Also true, I always draw a wheel on the starboard side for that reason. Also helps when docking as most boat "prefer" to dock starboard side to

    But on my smaller boats with hand start outboard engines I put the engine on the port side to make it easier for right handed people to start them

    Richard Woods
     
  9. gonzo
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    gonzo Senior Member

    That sounds odd. The port side took is name because is the side facing the wharf or port.
     
  10. Richard Woods
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    Richard Woods Woods Designs

    And starboard from "steerboard" which was the side the steering oar was fitted, again I assume because it would be easier for right handed people?

    That was all before engines of course

    Richard Woods
     
  11. Ike
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    Ike Senior Member

    Actually it was on the right because it would be damage by the dock on the port side.
    (kind of a chicken and egg thing, which came first?)
     

  12. JCherubini2
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    JCherubini2 DianaOfBurlington

    Reason for starboard-side nav station

    The designer Phil Rhodes set forth a few 'rules' for interior design of yachts (such as his insistence that double berths were best left ashore). But he was a staunch traditionalist; and most of his oft-employed rules were only based on what had always been done before. For example, relying on the timeless Royal Navy tradition that officers shall board from the starboard side, Rhodes always drew the owner's berth to starboard (and almost always about 2/3 of the boat's length back from the bow). Thus he put the toilets (and often the galley sink) to port, so that, in the days of overboard discharge, the owner approaching from starboard would not have to see garbage or turds floating in the water. As, on small yachts, the owner is typically skipper and/or navigator, the chart desk was fitted to the owner's side of the boat.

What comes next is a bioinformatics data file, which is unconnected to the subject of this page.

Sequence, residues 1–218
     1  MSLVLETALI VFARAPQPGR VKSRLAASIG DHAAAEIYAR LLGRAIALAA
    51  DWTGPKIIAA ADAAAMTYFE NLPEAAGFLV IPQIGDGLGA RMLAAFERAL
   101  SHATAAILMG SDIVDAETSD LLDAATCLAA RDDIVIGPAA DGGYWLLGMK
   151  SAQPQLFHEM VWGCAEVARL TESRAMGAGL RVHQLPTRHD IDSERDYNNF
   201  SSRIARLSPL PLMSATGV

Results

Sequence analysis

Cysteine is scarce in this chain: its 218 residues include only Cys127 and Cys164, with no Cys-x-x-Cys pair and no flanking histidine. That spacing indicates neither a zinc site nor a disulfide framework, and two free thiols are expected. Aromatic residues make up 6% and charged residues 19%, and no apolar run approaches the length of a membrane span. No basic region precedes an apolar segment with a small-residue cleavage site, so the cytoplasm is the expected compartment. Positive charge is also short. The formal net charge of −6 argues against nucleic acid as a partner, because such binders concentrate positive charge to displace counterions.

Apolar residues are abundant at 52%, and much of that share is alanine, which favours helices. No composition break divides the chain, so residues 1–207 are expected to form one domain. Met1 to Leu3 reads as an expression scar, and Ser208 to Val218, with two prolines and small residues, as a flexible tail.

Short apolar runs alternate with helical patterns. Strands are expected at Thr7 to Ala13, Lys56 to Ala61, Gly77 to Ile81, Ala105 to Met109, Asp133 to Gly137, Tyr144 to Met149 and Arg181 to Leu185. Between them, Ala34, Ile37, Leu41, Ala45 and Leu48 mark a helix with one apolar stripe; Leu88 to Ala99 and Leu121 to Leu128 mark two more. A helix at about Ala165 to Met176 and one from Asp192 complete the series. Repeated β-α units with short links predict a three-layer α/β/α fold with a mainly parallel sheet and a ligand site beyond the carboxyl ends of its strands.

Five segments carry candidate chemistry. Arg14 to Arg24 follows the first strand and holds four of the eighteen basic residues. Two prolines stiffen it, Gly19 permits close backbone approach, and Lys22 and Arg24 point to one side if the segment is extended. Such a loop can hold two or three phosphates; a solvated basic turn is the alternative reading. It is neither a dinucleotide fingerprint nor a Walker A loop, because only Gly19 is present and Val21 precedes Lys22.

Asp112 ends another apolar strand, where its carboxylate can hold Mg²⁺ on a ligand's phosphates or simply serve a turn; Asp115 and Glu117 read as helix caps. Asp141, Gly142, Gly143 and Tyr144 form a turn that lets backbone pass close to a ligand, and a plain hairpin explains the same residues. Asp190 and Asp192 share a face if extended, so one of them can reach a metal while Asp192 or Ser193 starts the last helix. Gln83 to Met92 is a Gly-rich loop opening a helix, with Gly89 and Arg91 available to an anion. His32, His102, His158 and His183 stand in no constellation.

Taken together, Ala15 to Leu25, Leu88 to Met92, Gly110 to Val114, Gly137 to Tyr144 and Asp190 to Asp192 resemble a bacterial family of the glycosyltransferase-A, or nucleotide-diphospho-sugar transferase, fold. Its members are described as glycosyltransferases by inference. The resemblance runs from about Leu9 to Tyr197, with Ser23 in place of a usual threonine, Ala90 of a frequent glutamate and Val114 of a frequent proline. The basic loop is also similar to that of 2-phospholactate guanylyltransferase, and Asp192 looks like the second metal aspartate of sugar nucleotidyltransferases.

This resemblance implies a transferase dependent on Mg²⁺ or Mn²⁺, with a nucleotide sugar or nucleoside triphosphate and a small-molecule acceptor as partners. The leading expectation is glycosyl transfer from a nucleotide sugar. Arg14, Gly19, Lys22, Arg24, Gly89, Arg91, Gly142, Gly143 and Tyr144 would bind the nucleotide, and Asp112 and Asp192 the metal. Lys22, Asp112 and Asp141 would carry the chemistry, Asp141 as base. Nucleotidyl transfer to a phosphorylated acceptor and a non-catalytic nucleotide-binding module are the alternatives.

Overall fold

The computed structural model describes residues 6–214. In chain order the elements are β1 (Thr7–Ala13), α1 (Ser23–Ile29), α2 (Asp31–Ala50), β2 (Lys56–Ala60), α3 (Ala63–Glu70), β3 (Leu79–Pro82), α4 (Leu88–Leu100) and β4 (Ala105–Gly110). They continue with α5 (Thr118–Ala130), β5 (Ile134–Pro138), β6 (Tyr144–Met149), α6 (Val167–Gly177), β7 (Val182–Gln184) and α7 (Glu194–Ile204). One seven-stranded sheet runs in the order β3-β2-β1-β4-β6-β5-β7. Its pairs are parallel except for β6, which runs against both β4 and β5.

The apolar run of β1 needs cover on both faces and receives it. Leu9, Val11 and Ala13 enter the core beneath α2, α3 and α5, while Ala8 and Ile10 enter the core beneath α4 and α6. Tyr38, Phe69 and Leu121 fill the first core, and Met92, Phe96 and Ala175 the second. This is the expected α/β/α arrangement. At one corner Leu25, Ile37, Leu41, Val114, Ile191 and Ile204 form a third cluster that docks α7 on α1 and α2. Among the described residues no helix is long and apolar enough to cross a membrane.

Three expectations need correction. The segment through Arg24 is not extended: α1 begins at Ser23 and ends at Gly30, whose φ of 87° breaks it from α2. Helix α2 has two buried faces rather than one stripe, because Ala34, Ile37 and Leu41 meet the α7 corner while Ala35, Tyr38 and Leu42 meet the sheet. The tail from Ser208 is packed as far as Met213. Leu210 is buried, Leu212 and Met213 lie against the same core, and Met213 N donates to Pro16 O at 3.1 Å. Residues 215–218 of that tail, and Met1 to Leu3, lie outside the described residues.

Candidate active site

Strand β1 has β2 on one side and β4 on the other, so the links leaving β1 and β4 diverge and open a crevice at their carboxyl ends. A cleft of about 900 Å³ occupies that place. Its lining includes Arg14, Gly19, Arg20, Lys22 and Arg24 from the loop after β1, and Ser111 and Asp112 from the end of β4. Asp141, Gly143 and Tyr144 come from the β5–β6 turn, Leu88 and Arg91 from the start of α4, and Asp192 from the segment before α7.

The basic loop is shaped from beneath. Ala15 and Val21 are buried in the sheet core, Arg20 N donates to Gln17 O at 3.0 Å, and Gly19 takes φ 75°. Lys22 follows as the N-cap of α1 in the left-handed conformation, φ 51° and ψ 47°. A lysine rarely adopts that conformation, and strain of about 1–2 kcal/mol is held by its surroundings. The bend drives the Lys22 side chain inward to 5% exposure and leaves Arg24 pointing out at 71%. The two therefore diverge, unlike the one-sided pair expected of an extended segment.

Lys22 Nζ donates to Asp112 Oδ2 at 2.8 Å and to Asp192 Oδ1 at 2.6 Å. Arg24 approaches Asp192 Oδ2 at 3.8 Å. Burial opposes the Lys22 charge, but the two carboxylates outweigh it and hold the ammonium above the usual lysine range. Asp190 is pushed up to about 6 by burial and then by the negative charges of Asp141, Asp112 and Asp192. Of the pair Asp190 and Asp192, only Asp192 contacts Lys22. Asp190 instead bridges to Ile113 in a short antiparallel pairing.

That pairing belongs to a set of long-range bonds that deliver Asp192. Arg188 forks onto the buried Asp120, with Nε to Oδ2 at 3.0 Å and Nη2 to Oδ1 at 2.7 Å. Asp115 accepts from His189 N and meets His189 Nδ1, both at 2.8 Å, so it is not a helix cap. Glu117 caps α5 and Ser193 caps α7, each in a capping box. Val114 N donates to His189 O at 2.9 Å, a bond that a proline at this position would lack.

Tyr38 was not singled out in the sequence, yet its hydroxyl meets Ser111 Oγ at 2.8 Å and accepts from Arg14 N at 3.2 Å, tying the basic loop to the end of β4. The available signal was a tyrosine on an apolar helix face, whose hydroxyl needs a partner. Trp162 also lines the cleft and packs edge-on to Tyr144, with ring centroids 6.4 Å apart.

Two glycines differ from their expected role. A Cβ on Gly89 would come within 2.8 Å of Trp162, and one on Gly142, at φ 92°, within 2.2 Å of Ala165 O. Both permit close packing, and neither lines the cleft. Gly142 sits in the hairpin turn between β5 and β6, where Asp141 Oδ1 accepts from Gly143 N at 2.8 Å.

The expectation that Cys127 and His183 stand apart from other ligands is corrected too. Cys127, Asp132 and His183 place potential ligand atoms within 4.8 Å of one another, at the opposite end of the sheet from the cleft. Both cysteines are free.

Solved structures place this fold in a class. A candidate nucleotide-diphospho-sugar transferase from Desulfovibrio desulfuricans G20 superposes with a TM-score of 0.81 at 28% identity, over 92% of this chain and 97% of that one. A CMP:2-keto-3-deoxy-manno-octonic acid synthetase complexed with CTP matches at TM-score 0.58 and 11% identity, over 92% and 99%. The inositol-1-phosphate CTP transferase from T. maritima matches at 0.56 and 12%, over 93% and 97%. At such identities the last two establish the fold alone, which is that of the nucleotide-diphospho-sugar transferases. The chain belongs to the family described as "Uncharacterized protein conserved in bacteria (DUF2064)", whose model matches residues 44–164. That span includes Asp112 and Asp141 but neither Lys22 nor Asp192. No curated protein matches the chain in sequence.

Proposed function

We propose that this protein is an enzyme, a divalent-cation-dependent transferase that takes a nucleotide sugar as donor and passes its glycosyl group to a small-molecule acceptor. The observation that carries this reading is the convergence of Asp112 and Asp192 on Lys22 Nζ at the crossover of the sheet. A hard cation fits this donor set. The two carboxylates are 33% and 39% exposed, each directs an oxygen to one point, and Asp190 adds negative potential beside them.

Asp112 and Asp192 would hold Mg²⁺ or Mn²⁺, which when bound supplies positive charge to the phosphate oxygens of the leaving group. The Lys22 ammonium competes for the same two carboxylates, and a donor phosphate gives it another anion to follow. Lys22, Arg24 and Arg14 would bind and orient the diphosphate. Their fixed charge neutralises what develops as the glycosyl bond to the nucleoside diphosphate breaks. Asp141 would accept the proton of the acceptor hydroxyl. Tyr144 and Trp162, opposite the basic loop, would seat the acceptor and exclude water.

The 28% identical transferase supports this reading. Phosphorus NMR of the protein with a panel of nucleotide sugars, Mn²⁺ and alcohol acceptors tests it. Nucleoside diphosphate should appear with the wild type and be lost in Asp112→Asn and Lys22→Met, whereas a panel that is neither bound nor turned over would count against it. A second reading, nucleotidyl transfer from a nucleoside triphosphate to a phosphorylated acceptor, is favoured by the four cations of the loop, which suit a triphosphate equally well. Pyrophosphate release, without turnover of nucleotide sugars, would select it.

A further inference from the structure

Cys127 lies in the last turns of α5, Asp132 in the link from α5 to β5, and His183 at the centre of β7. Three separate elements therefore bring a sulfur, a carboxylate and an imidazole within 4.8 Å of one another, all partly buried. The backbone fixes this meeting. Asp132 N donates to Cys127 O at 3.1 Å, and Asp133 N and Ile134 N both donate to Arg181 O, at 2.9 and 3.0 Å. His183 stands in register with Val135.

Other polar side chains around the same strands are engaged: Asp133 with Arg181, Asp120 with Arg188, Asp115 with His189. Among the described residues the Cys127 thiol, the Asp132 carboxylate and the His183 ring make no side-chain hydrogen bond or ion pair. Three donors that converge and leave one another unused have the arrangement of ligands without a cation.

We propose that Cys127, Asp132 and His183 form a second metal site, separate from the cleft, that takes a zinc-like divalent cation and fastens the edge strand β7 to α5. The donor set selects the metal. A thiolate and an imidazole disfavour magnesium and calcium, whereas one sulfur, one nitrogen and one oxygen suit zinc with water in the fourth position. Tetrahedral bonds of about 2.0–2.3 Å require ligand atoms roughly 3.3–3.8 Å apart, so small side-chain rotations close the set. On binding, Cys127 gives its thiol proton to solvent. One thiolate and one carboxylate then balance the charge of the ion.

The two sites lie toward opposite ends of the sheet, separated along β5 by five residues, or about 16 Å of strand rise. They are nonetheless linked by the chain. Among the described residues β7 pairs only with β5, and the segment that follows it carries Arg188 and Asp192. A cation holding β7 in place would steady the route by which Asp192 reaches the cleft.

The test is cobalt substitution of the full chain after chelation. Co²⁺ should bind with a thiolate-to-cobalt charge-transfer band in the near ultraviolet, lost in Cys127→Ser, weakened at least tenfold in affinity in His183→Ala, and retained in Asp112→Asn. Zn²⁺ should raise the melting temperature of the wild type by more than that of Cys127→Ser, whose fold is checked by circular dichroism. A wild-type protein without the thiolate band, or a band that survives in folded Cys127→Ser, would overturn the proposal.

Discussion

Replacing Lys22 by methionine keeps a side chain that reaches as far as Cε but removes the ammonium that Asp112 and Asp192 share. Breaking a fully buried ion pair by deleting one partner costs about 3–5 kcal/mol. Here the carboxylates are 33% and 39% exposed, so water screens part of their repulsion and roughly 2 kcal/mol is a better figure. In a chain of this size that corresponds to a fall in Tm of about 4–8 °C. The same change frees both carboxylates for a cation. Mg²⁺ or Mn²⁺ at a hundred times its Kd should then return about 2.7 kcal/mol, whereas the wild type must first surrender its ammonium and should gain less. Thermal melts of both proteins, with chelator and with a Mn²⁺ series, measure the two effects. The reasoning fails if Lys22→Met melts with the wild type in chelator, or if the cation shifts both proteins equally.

I find this makes most sense, as, for many reasons, the boat is typically piloted from the starboard side (all things being equal). Thus the view of the GPS screen at the navigation station corresponds to the skipper's view of the approaching waterway. Indeed any nav station facing other than forward can become a real exercise in disorientation (especially at night)!

    My 1974 Hunter 25 is actually lefthanded (as was my dad, who drew it): the quarter berth (owner's) is to port, the galley and head to starboard. Fortunately I sleep on the same side of my bed as my dad slept in his, so the port-side quarter berth works for me. The GPS unit is mounted under the overhead cabinet above the berth, so that it can swivel out and be seen from the starboard cockpit seat, allowing a skipper to see both the way ahead and (albeit with some squinting, as it's small) the GPS screen as well. If the quarter berth had been to starboard I would not have been able to have it like this! :)

    BTW-- according to LF Herreshoff, the most common chart table on the small yacht is the cockpit seat under half the skipper's rear end; and I agree. :)